Viewpoints: Time For E-Cig Companies To Step Up, Help Protect Consumers; Caretaking Needs To Be Reimagined For Today’s Families
Opinion writers weigh in on these public health issues and others.
The Washington Post:
Scott Gottlieb: E-Cigarettes Are Not Off The Hook
A mysterious lung illness that appears to be associated with vaping has swept across the country over the past few months, according to the Centers for Disease Control and Prevention. Most of the victims are young people, who have been admitted to hospitals with symptoms that can include severe shortness of breath, fever, vomiting and diarrhea. One patient in Illinois died. NBC News reports that data from state health departments indicate at least 329 people have been affected. (Scott Gottlieb, 9/4)
The New York Times:
Does America Care About Care? Not Enough
Caretaking occupies a paradoxical place in the American mind. On the one hand, we cast caretaking for babies and children as a sacred duty of the private sphere. We lionize the bonds between parents and their children in movies, songs and storybooks. We romanticize the kinds of wisdom that are passed from an aging parent to a doting child in the dusk of life. At the end of our days, it is caring — love in action — that we feel matters most. (Courtney E. Martin, 9/4)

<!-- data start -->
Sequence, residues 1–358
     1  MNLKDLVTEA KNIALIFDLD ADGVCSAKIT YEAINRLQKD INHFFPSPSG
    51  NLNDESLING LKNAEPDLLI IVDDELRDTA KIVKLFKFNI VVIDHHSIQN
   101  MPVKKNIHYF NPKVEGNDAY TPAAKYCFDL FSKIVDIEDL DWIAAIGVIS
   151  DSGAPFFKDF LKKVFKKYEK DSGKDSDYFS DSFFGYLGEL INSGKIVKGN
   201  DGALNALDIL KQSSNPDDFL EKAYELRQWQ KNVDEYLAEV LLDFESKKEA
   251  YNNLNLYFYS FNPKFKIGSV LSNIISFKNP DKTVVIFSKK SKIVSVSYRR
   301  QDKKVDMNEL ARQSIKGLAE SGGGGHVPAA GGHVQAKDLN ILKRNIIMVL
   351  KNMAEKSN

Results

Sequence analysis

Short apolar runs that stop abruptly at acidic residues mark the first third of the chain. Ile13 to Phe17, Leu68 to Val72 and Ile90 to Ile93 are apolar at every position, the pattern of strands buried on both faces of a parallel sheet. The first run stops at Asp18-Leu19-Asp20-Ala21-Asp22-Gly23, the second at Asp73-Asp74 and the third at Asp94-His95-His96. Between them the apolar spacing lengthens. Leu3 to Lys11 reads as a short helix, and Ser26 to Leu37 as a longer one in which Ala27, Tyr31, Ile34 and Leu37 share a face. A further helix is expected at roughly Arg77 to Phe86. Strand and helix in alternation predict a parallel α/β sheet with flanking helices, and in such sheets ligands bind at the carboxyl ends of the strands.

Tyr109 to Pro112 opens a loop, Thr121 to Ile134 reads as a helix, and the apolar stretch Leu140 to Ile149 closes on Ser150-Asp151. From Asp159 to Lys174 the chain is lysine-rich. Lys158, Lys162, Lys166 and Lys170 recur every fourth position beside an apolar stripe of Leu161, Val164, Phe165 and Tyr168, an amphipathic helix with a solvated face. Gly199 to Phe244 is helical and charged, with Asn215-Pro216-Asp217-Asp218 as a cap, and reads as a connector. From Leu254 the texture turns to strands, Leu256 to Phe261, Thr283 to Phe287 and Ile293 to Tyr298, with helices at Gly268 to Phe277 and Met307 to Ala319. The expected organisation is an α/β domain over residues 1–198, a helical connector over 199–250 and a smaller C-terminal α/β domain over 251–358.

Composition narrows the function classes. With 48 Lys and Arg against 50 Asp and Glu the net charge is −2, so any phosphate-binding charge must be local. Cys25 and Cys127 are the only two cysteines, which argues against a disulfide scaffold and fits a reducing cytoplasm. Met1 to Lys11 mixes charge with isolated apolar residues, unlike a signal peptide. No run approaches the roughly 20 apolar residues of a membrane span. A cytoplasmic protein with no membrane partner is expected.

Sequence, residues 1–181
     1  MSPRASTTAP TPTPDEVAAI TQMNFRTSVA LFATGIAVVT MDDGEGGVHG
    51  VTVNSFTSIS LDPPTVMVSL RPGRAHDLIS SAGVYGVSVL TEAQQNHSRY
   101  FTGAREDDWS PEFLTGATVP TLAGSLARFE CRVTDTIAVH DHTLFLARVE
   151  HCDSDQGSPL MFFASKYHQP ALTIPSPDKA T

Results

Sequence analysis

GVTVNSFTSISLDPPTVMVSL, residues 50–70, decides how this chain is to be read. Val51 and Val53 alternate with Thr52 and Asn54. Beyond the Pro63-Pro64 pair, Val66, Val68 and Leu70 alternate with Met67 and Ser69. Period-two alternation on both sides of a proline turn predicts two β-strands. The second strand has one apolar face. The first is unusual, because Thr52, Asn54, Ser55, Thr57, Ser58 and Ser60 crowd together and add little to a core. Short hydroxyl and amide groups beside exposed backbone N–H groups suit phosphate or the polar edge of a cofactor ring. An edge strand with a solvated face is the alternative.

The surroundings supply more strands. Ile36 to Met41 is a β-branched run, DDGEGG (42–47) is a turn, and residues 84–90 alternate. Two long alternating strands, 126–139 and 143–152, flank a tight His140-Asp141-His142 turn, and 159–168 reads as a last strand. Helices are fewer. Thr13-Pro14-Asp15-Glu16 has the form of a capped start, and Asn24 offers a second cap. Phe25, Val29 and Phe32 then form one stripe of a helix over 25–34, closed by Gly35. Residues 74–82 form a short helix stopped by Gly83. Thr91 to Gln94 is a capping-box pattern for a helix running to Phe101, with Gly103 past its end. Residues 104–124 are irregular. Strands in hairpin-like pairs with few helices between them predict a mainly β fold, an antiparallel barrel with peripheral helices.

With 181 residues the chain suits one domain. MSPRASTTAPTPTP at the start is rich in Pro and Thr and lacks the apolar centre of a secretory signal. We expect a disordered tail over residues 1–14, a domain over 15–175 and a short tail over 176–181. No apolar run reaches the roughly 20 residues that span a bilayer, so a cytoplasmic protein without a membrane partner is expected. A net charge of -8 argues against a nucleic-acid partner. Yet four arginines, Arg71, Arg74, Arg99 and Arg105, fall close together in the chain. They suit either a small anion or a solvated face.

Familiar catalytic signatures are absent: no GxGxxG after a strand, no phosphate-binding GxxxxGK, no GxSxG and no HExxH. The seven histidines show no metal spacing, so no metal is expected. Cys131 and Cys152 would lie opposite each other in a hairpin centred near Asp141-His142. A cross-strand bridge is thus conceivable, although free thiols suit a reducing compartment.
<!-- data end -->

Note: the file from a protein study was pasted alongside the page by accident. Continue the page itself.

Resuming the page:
Social Determinants Of Health — Health Care Isn't Just Bugs And Bacteria
In an otherwise fractured Congress, Democrats and Republicans are coming together around newly proposed, bipartisan legislation to help states and communities manage costs and improve outcomes for Medicaid recipients. Called the Social Determinants Accelerator Act, the bill was introduced on July 25 by Reps. Cheri Bustos (D-Ill.), Tom Cole (R-Okla.), Jim McGovern (D-Mass.) and Cathy McMorris Rodgers (R-Wash.). The bill received support from health-care industry groups like the American Hospital Association and Aligning for Health. It proposes planning grants and technical assistance for states and communities to address individual patient non-medical needs that are closely tied to health, like food security, housing stability and employment. It also targets high-need Medicaid patients and improving the coordination of health and non-health services. (Brian c. Castrucci, Jonathan Fielding, and John Auerbach, 9/4)
The Anti-Child Administration
As pediatricians, we are appalled by this latest cruel attack on the health of immigrant children, but sadly unsurprised. The Trump administration alleges that immigrant parents exploit their children to gain entry to the United States via legal loopholes, when in reality such parents take grave risks to save their children from violence, disease, and poverty, as any good parent would. Rather, it is the administration that exploits these children, recognizing their parents’ love as their greatest vulnerability and seizing upon it as a means to target and punish them. (Fiona Danaher, Ron Kleinman and Elsie Taveras, 9/5)
Who Is Really Behind A Proposed New Definition Of Pain?